Next month sees Manchester City Council looking at FC United's planning application for their Community Stadium Facility in North Manchester.
The scheme will bring an invaluable resource to the people of Moston and a much awaited home for FC United, who have been groundsharing with Bury FC since their formation in protest at the Glazers' takeover of Manchester United in 2005.
FOLLOW THIS LINK TO ALL THE INFORMATION YOU NEED
Monday, 22 August 2011
Tuesday, 16 August 2011
Thousands of us walked away from Old Trafford, binning our season tickets and turning our backs on the club we had supported as boys, as had our fathers, grandfathers and great grandfathers. To the vast majority of Mancunians United is in our blood, but we also have pride and principle and while understanding why many couldn't and still can't make the break, despite ever more expensive tickets and other rip-offs, we left and began supporting a breakaway club, FC United of Manchester.
FC United is an idealistic club. Owned by the members it is an Industrial and Provident Society. Having rebelled against the crass commercialisation of top flight football one of the first votes of the membership was to reject spirt sponsorship. A few years back there was a boycott of a game when the kick off was brought forward for the benefit of internet TV. Kick off should be 3-00pm on a Saturday, not 8-00pm on a Monday or 1-00pm on a Sunday. In our second season there was a boycott of a game because the home club did away with concessionary prices for juniors and OAPs for our visit in an effort to cash in on the club's huge support.
Chester are also a fan owned club so there should be a natural affinity you would think. But Chester FC are charging £12 to enter the seated area of the ground, which is expensive when you think that the average admission price in that league is around £9. And Chester are seen by some clubs as trying to buy success, a poor man's Manchester City in a way, by poaching top players from other clubs.
As a football league club in a previous incarnation Chester's fans are also seen as arrogant and obsessed with regaining their status as a league club as if it's a God given right. A similar club, AFC Halifax Town were similarly unpopular, for the same reasons, last season as were Boston United fans before them.
In the 1990s I spent a lot of money travelling to support little Chester City, as they were, when they had a 'Fans United Day' to try and stave off bankruptcy, something they have had to do due to poor support on a regular basis. Fans from all over attended in a spirit of mutual support. United fans attended only to hear the majority of Chester fans chanting abuse about Manchester and United in particular, hardly in the spirit of the event. I decided then that I would never do anything to help Chester football club again, whatever form it took.
So what does this have to do with FC United playing Chester on 24 August? Well, while there is no organised boycott, a lot of FC United fans have decided that they will miss the Chester game. I'm in two minds myself. I'd prefer to boycott the game but want to support my team. Are we (FC United fans) getting a bit carried away with the idealism at times? Maybe, I'm not sure. Will I be there on 24 August? Maybe, I'm not sure, I'll just have to see what happens between now and then.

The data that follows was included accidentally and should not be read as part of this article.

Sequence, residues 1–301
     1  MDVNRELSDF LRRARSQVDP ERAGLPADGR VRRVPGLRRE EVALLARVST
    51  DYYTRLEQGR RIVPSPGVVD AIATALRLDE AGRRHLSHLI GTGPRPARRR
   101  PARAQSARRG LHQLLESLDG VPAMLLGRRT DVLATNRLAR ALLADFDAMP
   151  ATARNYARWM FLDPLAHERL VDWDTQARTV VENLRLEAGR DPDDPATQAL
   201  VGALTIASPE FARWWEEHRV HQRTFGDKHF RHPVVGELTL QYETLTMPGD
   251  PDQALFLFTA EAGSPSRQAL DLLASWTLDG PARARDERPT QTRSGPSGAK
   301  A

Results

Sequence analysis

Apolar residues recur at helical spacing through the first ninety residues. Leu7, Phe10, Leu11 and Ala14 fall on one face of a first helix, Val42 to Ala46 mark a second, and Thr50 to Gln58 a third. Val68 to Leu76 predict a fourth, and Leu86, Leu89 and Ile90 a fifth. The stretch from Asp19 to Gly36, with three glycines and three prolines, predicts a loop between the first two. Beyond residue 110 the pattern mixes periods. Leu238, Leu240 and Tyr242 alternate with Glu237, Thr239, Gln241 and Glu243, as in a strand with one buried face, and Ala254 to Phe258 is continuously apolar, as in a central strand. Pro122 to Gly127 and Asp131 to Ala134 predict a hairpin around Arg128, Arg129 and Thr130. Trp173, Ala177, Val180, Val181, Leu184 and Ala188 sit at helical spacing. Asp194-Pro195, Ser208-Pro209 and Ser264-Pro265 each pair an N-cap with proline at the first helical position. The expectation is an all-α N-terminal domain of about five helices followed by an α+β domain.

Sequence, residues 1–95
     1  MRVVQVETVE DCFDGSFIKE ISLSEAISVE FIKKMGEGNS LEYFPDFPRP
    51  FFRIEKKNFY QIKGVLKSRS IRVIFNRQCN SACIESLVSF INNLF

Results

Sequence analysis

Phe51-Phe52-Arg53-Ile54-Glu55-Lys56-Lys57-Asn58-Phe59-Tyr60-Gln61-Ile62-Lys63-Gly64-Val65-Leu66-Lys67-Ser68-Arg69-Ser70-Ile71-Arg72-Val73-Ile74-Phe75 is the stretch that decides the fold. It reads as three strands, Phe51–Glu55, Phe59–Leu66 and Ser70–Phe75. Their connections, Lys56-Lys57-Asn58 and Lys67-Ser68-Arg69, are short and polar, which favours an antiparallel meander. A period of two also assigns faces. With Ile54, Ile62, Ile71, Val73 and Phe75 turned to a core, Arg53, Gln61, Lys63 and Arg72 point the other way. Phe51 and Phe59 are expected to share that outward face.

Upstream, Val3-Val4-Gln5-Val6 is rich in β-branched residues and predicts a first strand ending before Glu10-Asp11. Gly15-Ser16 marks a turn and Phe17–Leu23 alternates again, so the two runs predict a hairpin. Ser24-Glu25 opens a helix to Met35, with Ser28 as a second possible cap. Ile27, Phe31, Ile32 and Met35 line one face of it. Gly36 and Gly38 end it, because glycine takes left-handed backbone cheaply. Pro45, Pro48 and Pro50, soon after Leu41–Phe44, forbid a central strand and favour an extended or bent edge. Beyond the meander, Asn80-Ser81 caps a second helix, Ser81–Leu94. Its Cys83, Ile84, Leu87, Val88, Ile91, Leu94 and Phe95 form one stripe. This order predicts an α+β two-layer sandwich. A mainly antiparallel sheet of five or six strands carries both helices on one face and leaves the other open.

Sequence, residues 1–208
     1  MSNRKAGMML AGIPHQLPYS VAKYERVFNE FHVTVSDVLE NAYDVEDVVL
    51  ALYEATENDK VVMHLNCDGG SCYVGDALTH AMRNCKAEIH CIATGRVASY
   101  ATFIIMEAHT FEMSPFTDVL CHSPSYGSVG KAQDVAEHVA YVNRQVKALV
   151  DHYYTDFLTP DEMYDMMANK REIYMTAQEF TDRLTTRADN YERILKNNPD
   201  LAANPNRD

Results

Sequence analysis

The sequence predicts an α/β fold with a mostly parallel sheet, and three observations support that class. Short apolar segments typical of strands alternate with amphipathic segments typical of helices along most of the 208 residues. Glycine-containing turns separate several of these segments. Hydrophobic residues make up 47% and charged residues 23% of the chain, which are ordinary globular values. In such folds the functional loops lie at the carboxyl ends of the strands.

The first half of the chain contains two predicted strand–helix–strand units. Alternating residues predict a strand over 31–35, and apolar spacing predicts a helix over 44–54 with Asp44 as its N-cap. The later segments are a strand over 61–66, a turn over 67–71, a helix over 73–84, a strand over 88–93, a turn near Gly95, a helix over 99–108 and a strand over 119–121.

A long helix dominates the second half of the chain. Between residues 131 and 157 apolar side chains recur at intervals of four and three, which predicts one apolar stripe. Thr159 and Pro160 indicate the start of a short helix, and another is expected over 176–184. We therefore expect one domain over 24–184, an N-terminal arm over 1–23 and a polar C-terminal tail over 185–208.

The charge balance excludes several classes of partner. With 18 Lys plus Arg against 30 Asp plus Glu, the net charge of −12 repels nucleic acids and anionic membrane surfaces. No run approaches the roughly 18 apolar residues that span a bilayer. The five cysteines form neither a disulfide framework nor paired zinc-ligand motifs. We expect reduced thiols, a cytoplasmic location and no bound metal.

But in their own small way Chester FC/Chester City have given me at least as much cause to stay away as the Glazers have at Old Trafford. I no longer visit Munch, Florence, Milan or Lyon to watch football, maybe I'll add Chester to that list.
*A correction. I initially referred to them as AFC Chester in this post which they are not. It is confusing when Chester City they were, now they are Chester FC and there also seems to be a club called AFC Chester knocking about with some tenuous link to the other two. Mea culpa.
Monday, 8 August 2011
Thursday, 4 August 2011
|Now then, which one's me?|
Tomorrow I'll be on a trip down memory lane with Lancashire again playing Gloucestershire in a one day game, but this time preceeded by a sportsman's lunch with Dickie Bird as special guest. Dicki Bird is probably the world's most famous umpire and was umpiring on that historic day in 1971. The lunch is especially to comemmorate 40 years since that glorious day, the most exciting day's cricket I, and many others have ever witnessed.
Tomorrow will be a day for wallowing in nostalgia. The reminiscing began last month at the last lunch I attended. A group of us, grey haired, bald or both stood with pints of Thwaites bitter recounting whereabouts in the ground we were on that July day, and night as it transpired. In most cases we were sat somewhere on the grass between the boundary rope and the perimeter wall around the pitch. What we all remembered perfectly clearly was the sheer joy carrying us across the pitch to swamp the victorious Lancashire players as they tried to leave the field after an historic win. As 10-00pm approached the players were still on the pavilion balcony celebrating with the thousands of joyful cricket fans still crowded onto the field in front of the pavilion singing and screaming with sheer joy. My mum and dad knew why I was so late home that day, because it had made the News at Ten.
Roll on tomorrow, and reliving every glorious moment. Don't worry if I'm a bit late home Jules!
Wednesday, 3 August 2011
Full story from cbsport.org
Great news for Manchester, and Gorton especially.